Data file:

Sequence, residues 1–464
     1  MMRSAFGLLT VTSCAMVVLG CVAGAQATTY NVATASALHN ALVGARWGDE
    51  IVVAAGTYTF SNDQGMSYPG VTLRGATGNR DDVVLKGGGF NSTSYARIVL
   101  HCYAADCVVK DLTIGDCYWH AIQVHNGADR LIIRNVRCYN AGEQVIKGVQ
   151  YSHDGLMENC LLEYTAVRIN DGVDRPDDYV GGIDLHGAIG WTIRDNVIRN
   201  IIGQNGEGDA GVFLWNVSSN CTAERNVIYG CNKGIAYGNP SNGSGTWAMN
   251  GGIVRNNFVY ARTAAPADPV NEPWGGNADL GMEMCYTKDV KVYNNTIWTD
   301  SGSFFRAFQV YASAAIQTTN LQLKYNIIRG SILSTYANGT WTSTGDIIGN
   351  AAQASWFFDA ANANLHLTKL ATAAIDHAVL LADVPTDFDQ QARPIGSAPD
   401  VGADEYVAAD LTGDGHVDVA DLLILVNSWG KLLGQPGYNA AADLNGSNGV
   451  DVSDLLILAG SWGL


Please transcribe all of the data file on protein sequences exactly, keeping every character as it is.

Sequence, residues 1–464
     1  MMRSAFGLLT VTSCAMVVLG CVAGAQATTY NVATASALHN ALVGARWGDE
    51  IVVAAGTYTF SNDQGMSYPG VTLRGATGNR DDVVLKGGGF NSTSYARIVL
   101  HCYAADCVVK DLTIGDCYWH AIQVHNGADR LIIRNVRCYN AGEQVIKGVQ
   151  YSHDGLMENC LLEYTAVRIN DGVDRPDDYV GGIDLHGAIG WTIRDNVIRN
   201  IIGQNGEGDA GVFLWNVSSN CTAERNVIYG CNKGIAYGNP SNGSGTWAMN
   251  GGIVRNNFVY ARTAAPADPV NEPWGGNADL GMEMCYTKDV KVYNNTIWTD
   301  SGSFFRAFQV YASAAIQTTN LQLKYNIIRG SILSTYANGT WTSTGDIIGN
   351  AAQASWFFDA ANANLHLTKL ATAAIDHAVL LADVPTDFDQ QARPIGSAPD
   401  VGADEYVAAD LTGDGHVDVA DLLILVNSWG KLLGQPGYNA AADLNGSNGV
   451  DVSDLLILAG SWGL